The Prime Minister made a good case for what would be a significant reformby David Goodhart / November 28, 2014 / Leave a comment
David Cameron is skilled at delivering set piece speeches. With the country getting worked up over immigration in the past few weeks—partly of his own prompting—he finally laid out his plan for reforming EU free movement in a calm and rational manner. A good days work.
His most controversial “demand” was that EU citizens should not be allowed to turn up without a job, as used to be the case until the early 1990s when freedom of movement extended from workers to citizens. Now about 40 per cent of EU incomers don’t have a job when they first arrive.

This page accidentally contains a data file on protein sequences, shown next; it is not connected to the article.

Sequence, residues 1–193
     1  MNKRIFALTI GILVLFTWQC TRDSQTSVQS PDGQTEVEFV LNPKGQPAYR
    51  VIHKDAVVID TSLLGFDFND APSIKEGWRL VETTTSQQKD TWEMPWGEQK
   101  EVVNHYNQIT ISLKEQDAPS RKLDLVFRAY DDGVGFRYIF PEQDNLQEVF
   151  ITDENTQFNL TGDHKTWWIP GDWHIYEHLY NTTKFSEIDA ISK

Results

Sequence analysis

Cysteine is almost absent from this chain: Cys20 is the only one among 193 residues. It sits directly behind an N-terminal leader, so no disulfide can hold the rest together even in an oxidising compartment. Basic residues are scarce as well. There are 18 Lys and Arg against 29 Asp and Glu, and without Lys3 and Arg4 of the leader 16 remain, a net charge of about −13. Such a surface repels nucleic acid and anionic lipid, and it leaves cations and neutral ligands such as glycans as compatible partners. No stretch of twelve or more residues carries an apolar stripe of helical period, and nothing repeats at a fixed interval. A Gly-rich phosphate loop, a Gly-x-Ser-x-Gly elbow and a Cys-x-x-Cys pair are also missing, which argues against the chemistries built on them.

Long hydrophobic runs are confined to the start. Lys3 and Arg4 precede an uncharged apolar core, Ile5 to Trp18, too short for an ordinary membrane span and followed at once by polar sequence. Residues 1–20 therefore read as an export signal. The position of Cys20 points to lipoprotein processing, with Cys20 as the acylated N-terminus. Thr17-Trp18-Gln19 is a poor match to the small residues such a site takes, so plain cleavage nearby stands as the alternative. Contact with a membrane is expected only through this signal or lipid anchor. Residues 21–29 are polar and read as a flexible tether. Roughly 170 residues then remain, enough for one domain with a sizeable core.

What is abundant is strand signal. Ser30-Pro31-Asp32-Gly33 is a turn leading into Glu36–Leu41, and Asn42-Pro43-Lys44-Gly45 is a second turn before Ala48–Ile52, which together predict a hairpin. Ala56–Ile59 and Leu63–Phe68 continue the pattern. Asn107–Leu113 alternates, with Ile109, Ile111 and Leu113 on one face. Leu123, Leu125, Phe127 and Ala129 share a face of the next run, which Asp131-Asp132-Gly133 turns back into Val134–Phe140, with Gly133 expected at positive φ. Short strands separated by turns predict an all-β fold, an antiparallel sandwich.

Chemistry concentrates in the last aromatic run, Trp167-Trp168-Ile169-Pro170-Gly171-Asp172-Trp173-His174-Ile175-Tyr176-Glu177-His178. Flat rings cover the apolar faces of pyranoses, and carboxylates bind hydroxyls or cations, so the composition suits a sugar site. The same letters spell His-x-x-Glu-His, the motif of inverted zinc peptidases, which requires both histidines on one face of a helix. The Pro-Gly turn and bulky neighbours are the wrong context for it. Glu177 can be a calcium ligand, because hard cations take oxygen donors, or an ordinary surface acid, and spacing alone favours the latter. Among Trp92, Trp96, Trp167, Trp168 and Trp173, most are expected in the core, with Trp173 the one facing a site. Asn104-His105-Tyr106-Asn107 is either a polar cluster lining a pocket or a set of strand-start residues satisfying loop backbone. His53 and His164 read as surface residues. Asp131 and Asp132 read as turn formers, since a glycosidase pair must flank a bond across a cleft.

There is a danger that Britain will swing, a bit like the Netherlands did in the early 2000s, from being too open and too dismissive of public reservations about mass immigration, to having the political agenda dictated too much by a reactive populism.
But, this speech grappled constructively with Britain’s central dilemma which is how to remain an open enough society and economy, while showing greater respect for national social contracts especially in social security and social housing.
There were no great surprises—as expected he eschewed physical controls and caps, while focusing on the “fairness” aspect of free movement, in other words EU citizens like other immigrants will have to “earn” some of their social rights.
The four year wait for in-work benefits like tax credits was a bit longer than the two to three years that had been mooted by Open Europe (the key think tank in this debate) and others. But he made a sound case: an extra £8k a year for an EU citizen in a minimum wage job with two young children is a lot of money if you are coming from Bulgaria.